Arch Phys Med Rehabil. 2009; 90(7):1127-35.
A study of bone mineral density in adults with disability.
Smith EM, Comiskey CM, Carroll AM.
National Rehabilitation Hospital, Dublin, Ireland. firstname.lastname@example.org
OBJECTIVES: To examine prevalence of low bone mineral density (BMD) among adults with disability, using World Health Organization diagnostic categories.
DESIGN: Cross-sectional study.
SETTING: National Rehabilitation Hospital, Dublin, Ireland.
PARTICIPANTS: Patients (N=255; 178 men, 77 women) who were disabled for at least 3 months because of acquired brain injury, spinal cord injury, other neurologic condition, or lower-limb amputation.
MAIN OUTCOME MEASURES: Laboratory investigations including intact parathyroid hormone, 25-hydroxyvitamin D (25-OHD), and sex hormones; and BMD of lumbar spine and at least 1 hip, measured by dual-energy x-ray absorptiometry and expressed as T scores and z scores.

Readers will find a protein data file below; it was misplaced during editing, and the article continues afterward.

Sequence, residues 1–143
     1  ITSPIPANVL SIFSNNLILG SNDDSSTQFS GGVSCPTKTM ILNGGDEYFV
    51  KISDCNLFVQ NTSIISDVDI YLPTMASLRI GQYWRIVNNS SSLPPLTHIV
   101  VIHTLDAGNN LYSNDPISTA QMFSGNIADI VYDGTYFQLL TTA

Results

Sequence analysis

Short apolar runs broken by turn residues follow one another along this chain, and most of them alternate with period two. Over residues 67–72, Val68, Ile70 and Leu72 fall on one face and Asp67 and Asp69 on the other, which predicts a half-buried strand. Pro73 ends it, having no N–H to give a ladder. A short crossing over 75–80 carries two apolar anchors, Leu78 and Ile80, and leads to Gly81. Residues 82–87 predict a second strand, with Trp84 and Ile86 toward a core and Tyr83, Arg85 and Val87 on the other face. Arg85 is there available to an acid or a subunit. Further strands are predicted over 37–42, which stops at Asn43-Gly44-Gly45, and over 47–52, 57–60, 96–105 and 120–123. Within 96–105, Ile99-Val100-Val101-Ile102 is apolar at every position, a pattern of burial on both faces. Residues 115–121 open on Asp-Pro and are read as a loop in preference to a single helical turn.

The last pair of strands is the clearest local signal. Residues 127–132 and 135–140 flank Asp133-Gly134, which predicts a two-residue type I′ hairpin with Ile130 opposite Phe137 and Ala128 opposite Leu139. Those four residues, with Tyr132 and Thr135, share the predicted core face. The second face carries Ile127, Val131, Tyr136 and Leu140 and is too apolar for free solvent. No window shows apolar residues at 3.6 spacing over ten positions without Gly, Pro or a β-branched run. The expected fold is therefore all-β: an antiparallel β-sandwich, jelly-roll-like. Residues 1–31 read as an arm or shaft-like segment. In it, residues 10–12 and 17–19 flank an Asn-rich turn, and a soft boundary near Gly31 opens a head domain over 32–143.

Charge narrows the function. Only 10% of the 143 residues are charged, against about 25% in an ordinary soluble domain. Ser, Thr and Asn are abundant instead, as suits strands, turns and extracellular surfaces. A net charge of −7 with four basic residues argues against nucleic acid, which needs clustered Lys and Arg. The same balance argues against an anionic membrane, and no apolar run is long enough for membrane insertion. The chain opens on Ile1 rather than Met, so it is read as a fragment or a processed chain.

RESULTS: Mean age +/- SD of participants was 48.7+/-15.6 years. Vitamin D deficiency, 25-OHD level 50 nmol/L or less, occurred in 154 (62.9%); insufficiency, a level between 51 and 72 nmol/L, occurred in 36 (14.7%). Based on T scores, 108 participants (42.4%) had osteopenia, and 60 (23.5%) had osteoporosis. A z score of -1 or less but more than -2 occurred in 76 (29.8%); a further 52 (20.4%) had a z score of -2 or less. On multiple linear regression analysis, ambulatory status and duration of disability were independent predictors of BMD at neck of femur (beta=.152, P=.007; beta=-.191, P=.001, respectively) and total proximal femur (beta=.170, P=.001; beta=-.216, P<.001, respectively).
CONCLUSIONS: Osteopenia and osteoporosis are very common in adults with disability participating in rehabilitation, compared with the general young adult population. Duration since onset of disability and mobility status are independent predictors of BMD at the hip. Bone health monitoring should form part of the long-term follow-up in adults with newly acquired disabilities.
Final Report presented to the NRH Ethics Committee – October 2009